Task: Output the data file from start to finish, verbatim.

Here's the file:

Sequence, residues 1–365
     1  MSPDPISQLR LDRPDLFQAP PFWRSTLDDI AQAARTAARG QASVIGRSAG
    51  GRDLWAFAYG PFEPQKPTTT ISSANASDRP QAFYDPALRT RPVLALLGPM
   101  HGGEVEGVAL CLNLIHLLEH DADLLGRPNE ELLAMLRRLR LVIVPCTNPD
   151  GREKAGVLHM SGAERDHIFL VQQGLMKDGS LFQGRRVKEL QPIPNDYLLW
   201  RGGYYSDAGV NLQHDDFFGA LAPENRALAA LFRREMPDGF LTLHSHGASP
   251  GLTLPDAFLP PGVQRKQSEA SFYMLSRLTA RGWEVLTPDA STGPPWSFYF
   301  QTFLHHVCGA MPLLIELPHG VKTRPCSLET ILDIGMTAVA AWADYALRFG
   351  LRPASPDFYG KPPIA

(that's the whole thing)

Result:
Sequence, residues 1–365
     1  MSPDPISQLR LDRPDLFQAP PFWRSTLDDI AQAARTAARG QASVIGRSAG
    51  GRDLWAFAYG PFEPQKPTTT ISSANASDRP QAFYDPALRT RPVLALLGPM
   101  HGGEVEGVAL CLNLIHLLEH DADLLGRPNE ELLAMLRRLR LVIVPCTNPD
   151  GREKAGVLHM SGAERDHIFL VQQGLMKDGS LFQGRRVKEL QPIPNDYLLW
   201  RGGYYSDAGV NLQHDDFFGA LAPENRALAA LFRREMPDGF LTLHSHGASP
   251  GLTLPDAFLP PGVQRKQSEA SFYMLSRLTA RGWEVLTPDA STGPPWSFYF
   301  QTFLHHVCGA MPLLIELPHG VKTRPCSLET ILDIGMTAVA AWADYALRFG
   351  LRPASPDFYG KPPIA